As discussed two weeks ago, an anti-pattern is a commonly occurring pattern for a problem solution that produces counter-effective results. One might at first consider anti-patterns paradoxical — certainly such "solutions" aren't solutions at all. But if we consider solutions that do solve the problem as stated, but which also produce negative results when we consider all consequences, the paradox resolves.
For example, consider the CFO who, to control costs, lowers the ceiling for petty cash expenditures to a level that happens to be 80% of the cost of processing purchase requisitions. Such a policy will certainly increase control of petty cash. But the overall cost to the enterprise rises, because of the cost of processing requisitions.
Last time, we began examining the indicators and causes of the anti-pattern of excessively complex process architectures, which I call the Utility Pole anti-pattern. Let's continue.
- Senior managers sometimes complicate the problem when they execute reorganizations. They usually do reduce process complexity, but they usually don't eliminate the causes of regrowth of process complexity. Although each organizational adjustment cleans up some utility poles, those same poles are soon festooned again.
- Causes of process complexity probably reside beyond the reach of reorganization processes, because complexity always returns after reorgs. For example, when multiple functions are responsible for a given outcome, all involved feel obliged to define processes that ensure that outcome. Process redesigns that ignore this tendency cannot stem the regrowth of process complexity.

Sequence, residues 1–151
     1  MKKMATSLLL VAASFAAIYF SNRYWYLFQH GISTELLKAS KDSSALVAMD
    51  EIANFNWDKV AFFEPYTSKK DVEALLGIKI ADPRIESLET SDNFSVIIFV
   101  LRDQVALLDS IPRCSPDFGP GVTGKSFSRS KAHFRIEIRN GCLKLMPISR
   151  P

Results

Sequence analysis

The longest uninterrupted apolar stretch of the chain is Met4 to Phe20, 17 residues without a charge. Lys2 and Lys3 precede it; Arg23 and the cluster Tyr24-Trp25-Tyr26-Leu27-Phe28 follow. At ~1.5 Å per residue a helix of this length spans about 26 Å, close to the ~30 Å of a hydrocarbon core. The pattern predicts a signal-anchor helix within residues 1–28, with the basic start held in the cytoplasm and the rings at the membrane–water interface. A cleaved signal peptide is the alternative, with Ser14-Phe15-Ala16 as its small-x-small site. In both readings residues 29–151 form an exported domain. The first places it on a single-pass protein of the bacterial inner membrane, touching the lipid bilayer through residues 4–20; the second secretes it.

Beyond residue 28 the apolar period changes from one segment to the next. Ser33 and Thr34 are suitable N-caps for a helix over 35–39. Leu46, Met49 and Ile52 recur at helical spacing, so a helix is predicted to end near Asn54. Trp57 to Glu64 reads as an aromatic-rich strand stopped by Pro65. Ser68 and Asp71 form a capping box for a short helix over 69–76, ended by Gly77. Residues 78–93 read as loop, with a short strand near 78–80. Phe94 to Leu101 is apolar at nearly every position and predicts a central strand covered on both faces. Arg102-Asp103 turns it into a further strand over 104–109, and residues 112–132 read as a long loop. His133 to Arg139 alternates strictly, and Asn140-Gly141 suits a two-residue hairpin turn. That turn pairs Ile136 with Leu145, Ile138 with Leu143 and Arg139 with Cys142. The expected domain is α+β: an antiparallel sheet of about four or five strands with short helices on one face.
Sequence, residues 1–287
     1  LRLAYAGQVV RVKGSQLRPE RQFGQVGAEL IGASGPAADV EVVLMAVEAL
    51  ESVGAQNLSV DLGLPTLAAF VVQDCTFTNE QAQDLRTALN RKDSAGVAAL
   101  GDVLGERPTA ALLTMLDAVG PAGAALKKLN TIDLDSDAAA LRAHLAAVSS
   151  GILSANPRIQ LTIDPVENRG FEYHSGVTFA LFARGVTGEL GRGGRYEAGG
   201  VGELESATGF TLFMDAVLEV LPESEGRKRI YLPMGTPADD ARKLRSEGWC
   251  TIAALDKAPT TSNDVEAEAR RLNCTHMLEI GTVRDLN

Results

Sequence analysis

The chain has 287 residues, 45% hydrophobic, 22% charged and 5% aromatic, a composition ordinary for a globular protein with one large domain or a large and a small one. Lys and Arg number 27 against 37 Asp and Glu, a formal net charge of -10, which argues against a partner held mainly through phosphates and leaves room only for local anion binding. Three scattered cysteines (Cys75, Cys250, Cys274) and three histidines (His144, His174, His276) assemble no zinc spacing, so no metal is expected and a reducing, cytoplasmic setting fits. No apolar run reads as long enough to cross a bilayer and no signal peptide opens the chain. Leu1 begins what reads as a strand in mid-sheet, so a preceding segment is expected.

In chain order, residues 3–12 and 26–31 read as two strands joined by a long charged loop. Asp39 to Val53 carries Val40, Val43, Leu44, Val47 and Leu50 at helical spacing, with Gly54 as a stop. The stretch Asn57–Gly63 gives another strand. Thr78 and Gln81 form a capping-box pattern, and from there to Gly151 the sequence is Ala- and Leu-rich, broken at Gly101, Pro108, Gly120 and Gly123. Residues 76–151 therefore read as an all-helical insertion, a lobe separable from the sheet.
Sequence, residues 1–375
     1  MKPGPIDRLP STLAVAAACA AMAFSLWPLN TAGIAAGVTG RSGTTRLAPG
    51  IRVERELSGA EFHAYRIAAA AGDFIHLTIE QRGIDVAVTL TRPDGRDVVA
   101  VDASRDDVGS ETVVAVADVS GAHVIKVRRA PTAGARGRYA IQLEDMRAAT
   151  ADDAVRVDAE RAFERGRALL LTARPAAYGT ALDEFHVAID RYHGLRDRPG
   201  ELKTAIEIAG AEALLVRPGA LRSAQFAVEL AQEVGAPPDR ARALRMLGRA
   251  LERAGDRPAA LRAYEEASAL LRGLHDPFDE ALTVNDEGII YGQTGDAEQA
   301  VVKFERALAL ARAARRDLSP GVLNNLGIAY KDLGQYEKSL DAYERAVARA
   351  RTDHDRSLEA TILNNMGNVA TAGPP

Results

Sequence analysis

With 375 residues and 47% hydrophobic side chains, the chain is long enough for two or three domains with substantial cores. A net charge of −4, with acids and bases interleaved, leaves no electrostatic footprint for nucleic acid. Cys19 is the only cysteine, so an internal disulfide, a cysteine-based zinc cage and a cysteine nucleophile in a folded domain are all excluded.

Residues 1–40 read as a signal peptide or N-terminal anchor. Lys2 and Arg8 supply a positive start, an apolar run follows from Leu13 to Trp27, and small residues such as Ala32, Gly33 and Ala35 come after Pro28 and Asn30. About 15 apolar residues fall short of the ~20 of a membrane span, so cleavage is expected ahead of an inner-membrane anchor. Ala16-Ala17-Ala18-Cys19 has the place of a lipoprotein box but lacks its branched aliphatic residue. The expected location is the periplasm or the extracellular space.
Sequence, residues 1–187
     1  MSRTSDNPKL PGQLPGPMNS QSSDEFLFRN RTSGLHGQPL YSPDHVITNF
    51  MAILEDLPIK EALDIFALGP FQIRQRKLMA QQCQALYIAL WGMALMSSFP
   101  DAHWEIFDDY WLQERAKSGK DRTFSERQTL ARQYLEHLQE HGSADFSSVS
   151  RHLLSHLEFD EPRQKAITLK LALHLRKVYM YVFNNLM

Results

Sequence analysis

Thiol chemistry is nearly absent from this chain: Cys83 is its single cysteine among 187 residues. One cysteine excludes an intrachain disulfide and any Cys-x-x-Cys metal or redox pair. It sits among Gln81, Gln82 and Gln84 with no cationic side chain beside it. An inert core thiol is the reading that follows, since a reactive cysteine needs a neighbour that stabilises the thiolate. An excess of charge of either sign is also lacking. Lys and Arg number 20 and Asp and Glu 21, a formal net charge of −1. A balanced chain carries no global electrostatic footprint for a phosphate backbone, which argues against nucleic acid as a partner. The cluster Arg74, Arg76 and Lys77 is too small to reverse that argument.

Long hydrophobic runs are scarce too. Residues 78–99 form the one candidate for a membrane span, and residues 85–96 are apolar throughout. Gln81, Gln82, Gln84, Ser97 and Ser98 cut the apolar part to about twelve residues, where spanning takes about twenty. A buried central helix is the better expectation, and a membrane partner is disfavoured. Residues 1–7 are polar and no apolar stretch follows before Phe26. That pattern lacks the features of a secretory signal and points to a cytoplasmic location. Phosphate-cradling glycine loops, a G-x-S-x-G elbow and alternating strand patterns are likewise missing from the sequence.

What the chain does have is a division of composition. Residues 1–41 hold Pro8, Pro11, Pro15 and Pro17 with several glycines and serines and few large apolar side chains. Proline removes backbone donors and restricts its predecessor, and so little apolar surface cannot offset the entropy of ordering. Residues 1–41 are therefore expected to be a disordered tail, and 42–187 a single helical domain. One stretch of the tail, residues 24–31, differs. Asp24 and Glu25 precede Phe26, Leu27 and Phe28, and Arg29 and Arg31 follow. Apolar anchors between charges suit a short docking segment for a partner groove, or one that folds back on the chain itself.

- Defenses and workarounds
- Causes of process complexity
probably reside beyond the
reach of reorganization
processes, because complexity
always returns after reorgs
- Complicated control processes can be obstacles to accomplishing objectives in complex bureaucracies. One common solution is the entrepreneurial approach, which aims at evasion and circumvention of controls, using networking, situational awareness, and clever deceptions. Another, the exploitative approach, turns the processes of the bureaucracy into tools to accomplish the advocates' objectives. Both require sophisticated understanding of the control processes.
- Confound expectations. If you're known as a "rule-bender," the entrepreneurial approach is risky. If you're known for cleverly exploiting the rules, the entrepreneurial approach might be the better choice.
- People with risk management responsibility for projects can help limit process complexity by making its costs explicit in risk plans. Common risks that are rarely identified explicitly include: risk of delays due to confusion about compliance with requisition requirements; risk of schedule disruption due to conflicting claims for resources; risk of budget overruns due to technically ambiguous wording of contracts with suppliers arising from restrictions forbidding direct participation by technical people in contract negotiations.
- Risk managers can identify and budget for these and similar risks. Be selective. Focus on risks that have materialized in the past, and use data from those past incidents to justify projections.
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